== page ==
for other uses see Aeschylus (disambiguation)
Aeschylus (Greek: Aiskhylos) (525 BC - 456 BC) was a playwright of ancient Greece. Born in Eleusis, he wrote his first plays in 498 BC, but his earliest surviving play is possibly The Suppliants, written in approximately 490 BC. That same year, he participated in the Battle of Marathon, and in 480 BC he fought at the Battle of Salamis. Salamis was the subject of his play The Persians, written in 472 BC; it is possible that The Suppliants was written after this, making The Persians his earliest surviving play.
Aeschylus was the earliest of the three greatest Greek tragedians, the others being Sophocles and Euripides. Aeschylus' work has a strong moral and religious emphasis. Many of his plays end more "happily" than those of the other two; namely, his masterpiece The Oresteia trilogy. Besides the literary merit of his work, Aeschylus' greatest contribution to the theater was the addition of a second actor to his scenes. Previously, the action took place between a single actor and the Greek chorus.
Aeschylus is known to have written over 70 plays, only six of which remain extant:
- The Suppliants (490 BC?) (Hiketides)
- The Persians (472 BC) (Persai)
- Seven Against Thebes (467 BC) (Hepta epi Thebas)
- Oresteia (458 BC)
In addition, the canon of Aeschylus' plays includes a seventh, Prometheus Bound. Attributed to Aeschylus in antiquity, it is considered by some modern scholars to be the work of an unknown fourth-century playwright (though there is still controversy over this play).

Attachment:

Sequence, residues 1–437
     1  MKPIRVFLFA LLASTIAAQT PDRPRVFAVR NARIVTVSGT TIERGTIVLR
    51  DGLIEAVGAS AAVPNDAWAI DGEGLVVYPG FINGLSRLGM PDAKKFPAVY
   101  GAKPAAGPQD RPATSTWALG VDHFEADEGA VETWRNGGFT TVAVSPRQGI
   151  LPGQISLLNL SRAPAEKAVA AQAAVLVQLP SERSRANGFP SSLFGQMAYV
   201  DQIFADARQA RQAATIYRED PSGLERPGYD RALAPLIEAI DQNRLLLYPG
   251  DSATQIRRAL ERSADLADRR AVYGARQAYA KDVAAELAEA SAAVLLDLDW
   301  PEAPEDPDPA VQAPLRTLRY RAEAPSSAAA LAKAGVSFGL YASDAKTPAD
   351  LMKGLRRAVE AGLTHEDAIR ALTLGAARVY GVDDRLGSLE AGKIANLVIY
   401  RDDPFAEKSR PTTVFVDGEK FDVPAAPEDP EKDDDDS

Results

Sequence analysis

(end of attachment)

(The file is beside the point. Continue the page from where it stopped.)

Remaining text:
In 2003 fragments of another Aeschylus play was discovered in the wrappings of a mummy in Egypt. The play, Achilles, was part of a trilogy about the Trojan War. It was known to exist due to mentions in ancient sources, but had been lost for over 2000 years.
Aeschylus frequently travelled to Sicily, where the tyrant of Gela was a patron. In 458 he travelled there for the last time; according to traditional legend, Aeschylus was killed in 456 when an eagle (or more likely a Lammergeier), mistaking the playwright's bald crown for a stone, dropped a tortoise on his head.
The inscription on his gravestone was written by himself before his death, and makes no mention of his theatrical renown. He chose to commemorate his military achievements only. It read:
"This gravestone covers Aeschylus, son of Euphorion, from Athens, who died in fertile Gela. The field of Marathon will speak of his bravery, and so will the longhaired Mede who learnt it well".
In Greek: "Αισχύλον Ευφορίωνος Αθηναίον τόδε κεύθει μνήμα, πεπνυμένον πυροφόροιο Γέλας. Αλκήν δ' ευδόκιμον μαραθώνειον άλσος αν είποι και βαθυχαιτήεις Μήδος επιστάμενος"